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Social Welfare: Fact and Fiction

One of the more common complaints made by conservative contributors to social media debates, relates to the issue of welfare recipients, i.e., who is getting what. The more shared assertions are, that it is the generous nature of our welfare system that encourages migrants, asylum seekers and so-called economic refugees to come here.

Some of these complaints border on the absurd, others reflect a flimsy and ignorant grasp of economics, i.e., that a dollar spent on migrants is a dollar less spent on them. And still others offer such paltry objections that clearly mask a strong racist element.

These social media morons do this to invoke fear among us that a continued influx of economic migrants, refugees and asylum seekers will only place a greater burden on the health and welfare budgets and contribute disproportionately to the ever-increasing deficit.

Treasurer Scott Morrison has, by his recent actions, made it clear that the issue of welfare is going to be high on his “things to fix” list. He, more than anyone else, probably realises that his future political success will be determined by what he does in his current portfolio, rather than anything he has done previously.

To the conservative mind-set, that means trying to return the budget to surplus, or at least, being seen to be doing so. For reasons unknown, Morrison has chosen welfare as his first target closely followed by health, even though there are more lucrative opportunities elsewhere. The conclusion, the simplistic Neo-liberal voter would assume, is because both are big ticket items.

That, however, does not necessarily mean that they offer big ticket savings. Last year, only 1366 cases were referred for welfare fraud prosecution. This is 0.02 per cent of all welfare recipients. Yet the government claims this “crackdown” will raise an extra $2 billion over three to four years, according to MYEFO.

As John Passant describes it, “This is fairyland stuff designed more to create a “dole bludger” atmosphere rather than to address the real issues of collapsing revenue and ways to get rid of the tax rorts for the rich and powerful.”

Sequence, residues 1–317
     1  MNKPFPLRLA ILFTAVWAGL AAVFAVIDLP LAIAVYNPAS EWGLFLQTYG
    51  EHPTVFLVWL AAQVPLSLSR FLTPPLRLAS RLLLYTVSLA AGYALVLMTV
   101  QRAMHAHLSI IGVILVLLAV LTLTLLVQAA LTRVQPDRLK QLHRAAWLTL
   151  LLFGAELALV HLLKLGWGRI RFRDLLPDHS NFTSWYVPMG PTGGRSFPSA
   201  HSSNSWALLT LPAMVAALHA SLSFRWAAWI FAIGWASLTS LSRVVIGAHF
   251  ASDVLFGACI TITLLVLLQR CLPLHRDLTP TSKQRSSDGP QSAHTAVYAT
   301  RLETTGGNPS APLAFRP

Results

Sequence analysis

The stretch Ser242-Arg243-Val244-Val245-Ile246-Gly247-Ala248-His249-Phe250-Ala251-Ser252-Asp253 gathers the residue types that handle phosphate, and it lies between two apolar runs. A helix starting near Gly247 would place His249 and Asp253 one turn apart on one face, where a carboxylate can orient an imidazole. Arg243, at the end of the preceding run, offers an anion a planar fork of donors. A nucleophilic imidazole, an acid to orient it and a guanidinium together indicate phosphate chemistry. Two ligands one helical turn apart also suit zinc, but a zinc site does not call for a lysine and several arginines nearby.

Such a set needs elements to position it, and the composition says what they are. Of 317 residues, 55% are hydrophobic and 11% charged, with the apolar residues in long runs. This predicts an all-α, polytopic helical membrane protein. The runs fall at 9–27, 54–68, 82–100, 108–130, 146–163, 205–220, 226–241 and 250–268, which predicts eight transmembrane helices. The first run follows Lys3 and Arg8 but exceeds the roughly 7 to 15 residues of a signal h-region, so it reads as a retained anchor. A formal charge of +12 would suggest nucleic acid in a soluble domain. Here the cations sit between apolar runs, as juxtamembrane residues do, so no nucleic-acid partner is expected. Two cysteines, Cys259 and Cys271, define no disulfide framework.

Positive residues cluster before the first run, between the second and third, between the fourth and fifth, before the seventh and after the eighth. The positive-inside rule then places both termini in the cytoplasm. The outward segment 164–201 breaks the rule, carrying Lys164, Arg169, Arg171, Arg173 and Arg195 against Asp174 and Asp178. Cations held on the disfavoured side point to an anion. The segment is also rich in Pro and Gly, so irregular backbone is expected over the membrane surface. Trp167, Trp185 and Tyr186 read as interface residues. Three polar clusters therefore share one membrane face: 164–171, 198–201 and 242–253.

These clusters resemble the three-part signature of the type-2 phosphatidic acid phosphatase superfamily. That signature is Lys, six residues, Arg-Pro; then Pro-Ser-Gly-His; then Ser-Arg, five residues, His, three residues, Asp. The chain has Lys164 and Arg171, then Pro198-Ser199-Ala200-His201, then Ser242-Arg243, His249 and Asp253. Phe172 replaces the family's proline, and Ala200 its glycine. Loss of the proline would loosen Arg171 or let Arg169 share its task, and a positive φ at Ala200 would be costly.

But it might not be so much a matter of savings that drives the treasurer to target these two areas. It just might be that hidden behind that claim lies a more sinister intent that has more to do with the vote winning issue of migration.

A recent study by the Irish-based EU organisation, the European Foundation for the Improvement of Living and Working Conditions (Eurofound) includes a report that examined, the extent to which mobile citizens from central and eastern European Member States, take up benefits and services in nine host countries; the nine host countries being the more affluent ones in Europe, e.g. Germany, Britain, Sweden, etc.

The report found that mobile citizens from poorer nations have lower take-up rates of welfare support in host countries than locals. This is in contrast to one British tabloid, the Daily Mail, reporting that, “migration from Eastern Europe, Asia and the Middle East to Britain was “costing taxpayers billions of pounds a year.”

Conservative elements in most countries whip up this notion of the ‘economic migrant’ to stir up the emotions of the public and turn them against supporting new entrants to their countries.

So-called concerned citizens will often cite, incorrectly as it turns out, that migrants turn up and claim full rights to whatever benefits they can claim. They will often claim the burden on the welfare system and displacement of native workers as their primary motive.

Given the detail in the European report it is reasonable to assume that the take-up of welfare benefits and public services in Australia by migrants is also lower overall than that of the local population, including social housing and pensions.

Unfortunately, the MSM here, who thrive on beating up raw prejudice among their readership will probably not be interested in the information contained in this report.

We know, however, that Scott Morrison employed 97 communications staff to monitor the media when he was Immigration Minister and we well remember his suggestion to his shadow cabinet colleagues in 2011 that they should take advantage of the community concerns about the influx of Muslim refugees.